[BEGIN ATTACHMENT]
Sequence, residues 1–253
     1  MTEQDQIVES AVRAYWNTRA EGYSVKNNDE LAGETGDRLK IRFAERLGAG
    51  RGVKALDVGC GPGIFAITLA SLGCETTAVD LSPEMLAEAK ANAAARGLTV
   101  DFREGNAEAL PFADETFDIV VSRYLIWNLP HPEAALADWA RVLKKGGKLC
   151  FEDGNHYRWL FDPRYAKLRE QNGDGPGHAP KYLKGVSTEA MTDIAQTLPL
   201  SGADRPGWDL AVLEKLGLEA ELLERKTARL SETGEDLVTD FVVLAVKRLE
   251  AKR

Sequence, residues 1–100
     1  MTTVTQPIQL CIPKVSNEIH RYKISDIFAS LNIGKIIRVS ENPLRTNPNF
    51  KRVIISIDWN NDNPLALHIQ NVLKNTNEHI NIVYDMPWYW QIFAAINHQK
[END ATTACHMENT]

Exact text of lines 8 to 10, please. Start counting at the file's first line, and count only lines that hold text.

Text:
Sequence, residues 1–100
     1  MTTVTQPIQL CIPKVSNEIH RYKISDIFAS LNIGKIIRVS ENPLRTNPNF
    51  KRVIISIDWN NDNPLALHIQ NVLKNTNEHI NIVYDMPWYW QIFAAINHQK